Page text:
Impact of Economic Factors on the Meal Replacement Market
While it is still too early for precise statistics concerning consumer purchase behavior for meal replacement products, the information that is available points to an increased demand for meal replacement products as a result of the COVID-19 pandemic. This is demonstrated by news and press reports of increased sales of meal replacement products, the inclusion of these products on COVID-19 shopping list suggestions, and increased demand in related industries.
Signs of Increased Demand
- In the wake of the COVID-19 outbreak, there has been a significant increase in demand for shelf-stable products, which includes meal replacement products. According to research completed by Nielsen, as reported by Time, Americans have increasingly purchased non-perishable food items, particularly in "health food" categories related to meal replacement products such as alternative milks, powdered milk, and meat alternatives which are up 477%, 245%, and 280% respectively.
- Additionally, Nielsen reports that sales for dietary supplements have increased 9.7%. Extensive crossover between dietary supplements and meal replacement products may point to an increase in sales for meal replacement products as well.
- Various news sources such as Food Navigator and Erie County News report that stores have had to limit quantities of meal replacement products allowed to be purchased as a result of the products selling out quickly.
- According to Food Navigator, industry experts predict that products in the plant-based and healthy food market are likely to remain important shopping staples.
- Soylent, a key player in the meal replacement industry, reports increased sales and higher demand as a result of COVID-19.
- In the event of a recession, meal replacement products may still increase in demand, as demonstrated by the growth of the industry since the 2008 recession.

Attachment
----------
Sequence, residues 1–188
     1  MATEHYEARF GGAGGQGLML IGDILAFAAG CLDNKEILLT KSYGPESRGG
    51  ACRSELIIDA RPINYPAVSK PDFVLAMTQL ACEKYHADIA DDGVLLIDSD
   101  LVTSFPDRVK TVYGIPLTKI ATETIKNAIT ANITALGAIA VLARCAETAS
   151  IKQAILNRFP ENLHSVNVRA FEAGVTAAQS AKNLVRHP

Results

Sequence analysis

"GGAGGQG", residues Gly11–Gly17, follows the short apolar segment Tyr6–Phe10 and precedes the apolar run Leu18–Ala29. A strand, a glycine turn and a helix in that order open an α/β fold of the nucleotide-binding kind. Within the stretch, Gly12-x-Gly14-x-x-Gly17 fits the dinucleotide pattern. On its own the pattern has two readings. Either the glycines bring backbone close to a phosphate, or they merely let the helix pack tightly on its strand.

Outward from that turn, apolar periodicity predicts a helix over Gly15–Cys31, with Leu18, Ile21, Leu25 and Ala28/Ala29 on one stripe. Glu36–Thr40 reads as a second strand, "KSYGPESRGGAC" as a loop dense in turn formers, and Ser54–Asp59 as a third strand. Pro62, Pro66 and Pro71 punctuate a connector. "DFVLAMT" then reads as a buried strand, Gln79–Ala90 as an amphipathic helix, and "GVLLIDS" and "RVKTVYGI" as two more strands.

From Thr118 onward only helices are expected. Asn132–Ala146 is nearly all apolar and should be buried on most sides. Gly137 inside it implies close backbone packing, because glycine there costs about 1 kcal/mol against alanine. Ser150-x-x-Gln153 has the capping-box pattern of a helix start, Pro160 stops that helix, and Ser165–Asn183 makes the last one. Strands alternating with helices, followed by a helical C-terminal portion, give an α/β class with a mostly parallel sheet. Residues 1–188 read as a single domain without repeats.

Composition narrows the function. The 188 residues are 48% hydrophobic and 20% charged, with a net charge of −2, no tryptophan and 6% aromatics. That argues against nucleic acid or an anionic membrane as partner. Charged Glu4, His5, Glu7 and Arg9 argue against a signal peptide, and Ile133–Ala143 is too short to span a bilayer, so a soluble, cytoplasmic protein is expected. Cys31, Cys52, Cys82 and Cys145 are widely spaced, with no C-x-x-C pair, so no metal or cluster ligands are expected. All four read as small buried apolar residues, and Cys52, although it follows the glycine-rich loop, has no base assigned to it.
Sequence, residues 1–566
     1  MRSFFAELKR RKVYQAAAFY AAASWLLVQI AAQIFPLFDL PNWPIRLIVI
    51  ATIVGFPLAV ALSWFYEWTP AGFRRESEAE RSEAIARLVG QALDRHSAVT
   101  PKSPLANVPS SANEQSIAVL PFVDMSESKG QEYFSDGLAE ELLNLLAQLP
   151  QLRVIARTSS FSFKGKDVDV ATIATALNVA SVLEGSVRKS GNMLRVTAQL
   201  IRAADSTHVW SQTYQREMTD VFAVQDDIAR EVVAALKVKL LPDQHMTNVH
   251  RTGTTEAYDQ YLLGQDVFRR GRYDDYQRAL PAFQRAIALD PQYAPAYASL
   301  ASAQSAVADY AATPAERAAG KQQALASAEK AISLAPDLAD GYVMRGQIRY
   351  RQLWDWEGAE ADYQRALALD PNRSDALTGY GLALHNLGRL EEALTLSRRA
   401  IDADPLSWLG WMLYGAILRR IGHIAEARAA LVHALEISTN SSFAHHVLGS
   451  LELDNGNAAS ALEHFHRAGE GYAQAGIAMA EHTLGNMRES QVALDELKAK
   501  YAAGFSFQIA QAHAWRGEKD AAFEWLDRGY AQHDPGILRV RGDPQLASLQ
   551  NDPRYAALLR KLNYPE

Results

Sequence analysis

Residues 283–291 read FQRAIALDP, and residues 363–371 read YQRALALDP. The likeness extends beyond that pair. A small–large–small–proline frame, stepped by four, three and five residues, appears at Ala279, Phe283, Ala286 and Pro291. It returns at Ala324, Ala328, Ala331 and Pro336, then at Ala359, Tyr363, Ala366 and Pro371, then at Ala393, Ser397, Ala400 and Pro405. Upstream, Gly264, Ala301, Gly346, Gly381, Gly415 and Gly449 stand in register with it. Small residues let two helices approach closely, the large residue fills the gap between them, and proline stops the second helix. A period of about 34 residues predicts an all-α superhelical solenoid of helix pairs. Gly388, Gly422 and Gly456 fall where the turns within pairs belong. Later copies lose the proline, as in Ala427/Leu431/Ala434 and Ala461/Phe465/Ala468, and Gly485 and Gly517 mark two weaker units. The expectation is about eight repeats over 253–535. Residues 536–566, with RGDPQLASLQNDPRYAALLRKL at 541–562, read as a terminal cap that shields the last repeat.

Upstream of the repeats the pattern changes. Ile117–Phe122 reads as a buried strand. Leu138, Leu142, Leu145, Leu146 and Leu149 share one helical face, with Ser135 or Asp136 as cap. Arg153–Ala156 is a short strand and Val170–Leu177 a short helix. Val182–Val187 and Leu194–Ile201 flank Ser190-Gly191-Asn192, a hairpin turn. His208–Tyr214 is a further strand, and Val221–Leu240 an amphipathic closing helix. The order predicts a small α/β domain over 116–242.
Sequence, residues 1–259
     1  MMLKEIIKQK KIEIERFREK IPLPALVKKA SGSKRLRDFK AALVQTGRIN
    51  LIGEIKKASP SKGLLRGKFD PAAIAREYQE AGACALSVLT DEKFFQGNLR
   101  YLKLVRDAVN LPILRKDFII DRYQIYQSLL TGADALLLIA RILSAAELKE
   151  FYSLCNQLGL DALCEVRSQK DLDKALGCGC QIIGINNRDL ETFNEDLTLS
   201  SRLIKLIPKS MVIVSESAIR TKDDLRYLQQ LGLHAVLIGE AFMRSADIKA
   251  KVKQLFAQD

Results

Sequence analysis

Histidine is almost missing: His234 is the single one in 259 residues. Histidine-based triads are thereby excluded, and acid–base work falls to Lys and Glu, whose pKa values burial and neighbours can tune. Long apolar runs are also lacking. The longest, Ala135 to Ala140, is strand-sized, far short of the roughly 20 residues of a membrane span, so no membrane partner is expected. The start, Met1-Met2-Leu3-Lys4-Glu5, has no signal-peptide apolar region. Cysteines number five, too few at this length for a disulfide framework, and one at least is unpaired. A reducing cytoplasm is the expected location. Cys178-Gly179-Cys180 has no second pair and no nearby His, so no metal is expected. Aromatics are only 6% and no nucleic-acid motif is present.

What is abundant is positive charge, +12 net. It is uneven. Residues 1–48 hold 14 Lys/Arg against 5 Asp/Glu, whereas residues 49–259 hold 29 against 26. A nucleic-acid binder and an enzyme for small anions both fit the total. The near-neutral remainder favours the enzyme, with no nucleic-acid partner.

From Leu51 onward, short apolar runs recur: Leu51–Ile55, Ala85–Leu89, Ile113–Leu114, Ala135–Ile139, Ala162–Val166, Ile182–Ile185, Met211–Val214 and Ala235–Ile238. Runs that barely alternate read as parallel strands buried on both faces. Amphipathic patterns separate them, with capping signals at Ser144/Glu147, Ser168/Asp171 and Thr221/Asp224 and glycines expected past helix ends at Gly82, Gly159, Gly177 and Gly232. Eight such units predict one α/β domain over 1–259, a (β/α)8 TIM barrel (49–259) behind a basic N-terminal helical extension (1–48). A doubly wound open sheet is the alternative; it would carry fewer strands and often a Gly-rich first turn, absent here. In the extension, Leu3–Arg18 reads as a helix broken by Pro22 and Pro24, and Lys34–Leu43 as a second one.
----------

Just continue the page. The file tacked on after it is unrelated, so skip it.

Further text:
- Meal replacement mixes and powders are being touted by experts as an easy way to get a complete meal in these uncertain times. The Prepared, a publication that helps others prepare for emergency situations, suggests in their coronavirus guide that meal replacement products are essential.
- Good Housekeeping has also created a list of what to buy according to experts. Included on this list are protein shakes and meal replacement shakes.
- News publication The Daily Caller remarks that during the COVID-19 outbreak, consumers are purchasing products as a result of what they learn from social media. Compiling its own list of suggestions, The Daily Caller includes meal-replacement protein products at the top of the list.
Potential Industry Threats
- Amazon's recent decision to ban shipping of non-essential goods will impact smaller meal replacement brands who rely on Amazon for a large portion of their sales.
- McKinsey warns of the potential implications and economic impact for companies that produce goods, particularly those whose supply chain includes China. Factory shutdowns have impacted the ability to match the demand with ample supply.
- Online shopping has increased, and may potentially increase permanently, even after the COVID-19 crisis has passed. Companies who struggle with the supply chain, leading to 'sold-out' products on Amazon, risk negative impacts to the Amazon algorithm.
A multi-hour search was conducted in order to assess the effects of COVID-19 on the meal replacement product industry. As yet, no quantitative data is publicly available regarding the sales of meal replacement products. In order to determine the current consumer behavior regarding meal replacement products, we have carried out several research strategies. The first strategy was to search consumer research reports and databases for the information regarding the meal replacement industry. We found that a report will eventually be released concerning the impact of COVID-19 on the meal replacement powder market. Following this search, we sifted through the websites and press releases of companies considered to be major players in the meal replacement market to attempt to find data released by companies themselves. Finally, we sought information and news articles which suggested information about the demand for meal replacement products or tangential industries such as dietary supplements and alternative healthy foods. This information has been included in the key findings above.